people will only know of the late Tom Bell as the sexist DS
Otley in 'Prime Suspect'. But his acting career was wide and
varied. Perhaps Bell's finest hour was in 'Out' in his BAFTA-winning
lead role of Frank Ross, a former bank robber who tears up his
old manor after eight years inside, trying to find out who put
him behind bars.
Written by Trevor Preston, a contributor to 'Callan' and previous
Euston Films productions such as 'Special Branch', 'Out' is
firmly rooted in the revenge thriller genre, as well as the
general Euston Films milieu. Like Walker in 'Point Blank' and
Carter in 'Get Carter', Ross is an iconic figure, a sharply
dressed gangster who's prepared to go to almost any lengths
to find out who informed on him.
While the grittiness of those films lives on in these six episodes,
it would be wrong to think of 'Out' as simply a standard crime
thriller. Taking the Krays and other real-life criminals as
guidance, it explores the relationships that a career criminal
might make with others, including his family, his friends, other
criminals and the police, as well as the rules that bound societies
like that together during the 60s and 70s.
Following a cracking black and white opening sequence, the opening
episodes sees Ross return by train from prison to his South
London roots. In his absence, his wife has been institutionalised
and his best friend is slowly going bankrupt to pay for the
psychiatric bills in his sted; his son is being looked after
by another family, doesn't know he's been released and in slowly
joining the same path as his father; the police have clearly
got their eye on him from the first moment he sets foot back
in his house; and society is now full of punks and other things
that at first completely disorientate the just-released Ross.
For the rest of the six episodes, we see how Ross came to end
up inside and how he intends to restore his fortunes. Clad in
a three-piece suit and tie, Ross fights his way round London
as he tries to get money together and discover who shopped him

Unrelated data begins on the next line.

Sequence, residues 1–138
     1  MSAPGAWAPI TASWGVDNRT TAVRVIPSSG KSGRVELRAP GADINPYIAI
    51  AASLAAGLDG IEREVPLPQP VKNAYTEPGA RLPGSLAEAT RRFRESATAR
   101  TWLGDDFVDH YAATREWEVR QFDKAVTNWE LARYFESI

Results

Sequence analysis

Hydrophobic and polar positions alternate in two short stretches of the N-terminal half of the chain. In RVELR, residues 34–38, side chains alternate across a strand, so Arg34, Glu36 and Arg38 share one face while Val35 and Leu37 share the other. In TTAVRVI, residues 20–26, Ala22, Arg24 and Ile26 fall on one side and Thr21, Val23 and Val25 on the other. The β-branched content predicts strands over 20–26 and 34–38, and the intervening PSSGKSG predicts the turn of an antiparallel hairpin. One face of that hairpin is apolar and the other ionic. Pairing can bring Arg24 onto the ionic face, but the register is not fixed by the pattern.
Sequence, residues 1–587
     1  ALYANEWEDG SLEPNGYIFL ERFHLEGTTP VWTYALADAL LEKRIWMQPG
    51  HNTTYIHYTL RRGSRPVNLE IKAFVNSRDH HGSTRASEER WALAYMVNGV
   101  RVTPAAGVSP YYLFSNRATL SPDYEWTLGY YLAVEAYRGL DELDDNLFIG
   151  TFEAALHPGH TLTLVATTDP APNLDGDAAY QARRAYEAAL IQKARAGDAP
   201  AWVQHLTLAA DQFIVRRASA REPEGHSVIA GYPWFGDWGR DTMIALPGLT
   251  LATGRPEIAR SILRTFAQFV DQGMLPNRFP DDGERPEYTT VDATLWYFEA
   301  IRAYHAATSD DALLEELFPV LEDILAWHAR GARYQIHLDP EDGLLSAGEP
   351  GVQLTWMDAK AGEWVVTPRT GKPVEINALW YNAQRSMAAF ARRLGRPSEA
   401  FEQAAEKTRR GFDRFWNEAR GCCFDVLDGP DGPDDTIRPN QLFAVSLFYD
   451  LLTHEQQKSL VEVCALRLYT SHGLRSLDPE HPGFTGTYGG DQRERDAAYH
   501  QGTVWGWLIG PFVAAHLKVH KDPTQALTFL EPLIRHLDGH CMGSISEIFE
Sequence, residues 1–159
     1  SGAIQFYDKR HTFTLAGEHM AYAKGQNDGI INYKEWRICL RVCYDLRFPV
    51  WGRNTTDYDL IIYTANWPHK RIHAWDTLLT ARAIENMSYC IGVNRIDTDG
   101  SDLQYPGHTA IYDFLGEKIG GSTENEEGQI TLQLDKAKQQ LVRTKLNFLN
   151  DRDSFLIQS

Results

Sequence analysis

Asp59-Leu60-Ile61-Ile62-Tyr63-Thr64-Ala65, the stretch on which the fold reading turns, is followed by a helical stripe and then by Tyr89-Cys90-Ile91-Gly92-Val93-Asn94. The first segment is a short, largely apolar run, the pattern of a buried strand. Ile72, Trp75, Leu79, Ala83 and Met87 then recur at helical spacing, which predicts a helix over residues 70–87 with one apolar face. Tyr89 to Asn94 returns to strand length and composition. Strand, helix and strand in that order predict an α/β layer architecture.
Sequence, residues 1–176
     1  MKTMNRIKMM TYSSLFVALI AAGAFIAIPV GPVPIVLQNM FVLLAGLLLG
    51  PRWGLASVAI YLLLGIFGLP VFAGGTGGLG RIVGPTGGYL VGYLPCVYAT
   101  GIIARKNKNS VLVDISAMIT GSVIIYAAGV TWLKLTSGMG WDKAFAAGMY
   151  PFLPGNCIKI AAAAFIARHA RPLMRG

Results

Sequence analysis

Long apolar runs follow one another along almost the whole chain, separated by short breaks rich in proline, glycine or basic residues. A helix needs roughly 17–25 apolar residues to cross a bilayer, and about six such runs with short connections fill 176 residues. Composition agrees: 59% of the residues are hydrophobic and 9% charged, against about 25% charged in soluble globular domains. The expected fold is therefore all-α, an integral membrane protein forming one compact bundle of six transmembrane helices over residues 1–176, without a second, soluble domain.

to the police.
'Out' is one of the better dramas of the 70s, with a taut storyline
that's a complicated series of betrayals and secrets. Living
in the same pessimistic gloom of other late-70s serials, it
has a misanthropic take on life as it was then: poverty, violence,
misogyny are universal in 'Out'. Anyone familiar with 'Special
Branch' and 'The Sweeney' will recognise many of the Euston
Films trademarks in everything from the directorial style to
the way cars are driven to the not desperately well-shot violence.
It does however have its own distinct, bleak visual style, owing
much to both 'Carter' and other films like 'Le Samouraï'.
Preston's script is littered with great one-liners and there
are times when he seems desperate to wow with his writing skills,
rather than necessarily depict real life. The mentally ill Eve
Ross (Pamela Fairbrother in full Victorian hysteria) seems more
like a pyrotechnic piece of writer's flamboyance than a fully
rounded character, and although time changes both language and
conventions, it's hard to believe anyone in the 70s was still
using Cockney rhyming slang like "reel of cotton"
(rotten), particularly in South London, where the story is set.
Similarly, once the grasses learn that Ross is on to them, the
economy with which 'Get Carter's gangsters disposed of their
nemesis is sorely missing, replaced instead by a witless car
bomb plan. Nevertheless, the script shows real intelligence,
resorts to few stereotypes and clichés, and does a good
job of showing the corroding effects of crime and violence on
everyone it touches.
Populating 'Out' are just about every actor of the time with
an East End accent (again, despite the serial being set in South
London), including Brian Croucher and future stars such as Andrew
Paul and Linda Robson. There's also a host of other acting luminaries,
such as Derrick O'Connor and future Hannibal Lecktor/Lecter
Brian Cox, who lets loose a truly scary performance as bottle
blond Scottish psychopath McGrath. The late John Junkin, an
actor best known for comedy, also gives a surprisingly adept
straight performance as one of Ross's 'heavy' friends. However,
Lynda La Plante (then Lynda Marchal) does ruin things slightly
for one episode, with perhaps the worst recorded Bangor accent
in British television history.
While lacking the polish and production values of a modern show,
'Out' does have far greater grounding and power than many of
its contemporaries and its successors. It has its own peculiar
70s' tics, but if you can ignore them - or revel in them - it's
a sophisticated work that can be appreciated at many levels.
Both the first episode and the last episode have commentaries
from writer Trevor Preston, director Jim Goddard and producer
Barry Hanson. They're a surprisingly informative bunch after
all these years, giving great insights into the history, writing
and directing of the serial, as well as the television and local
culture of the time. Must-listens for anyone interested in television
dramas of the era or 'Out' itself.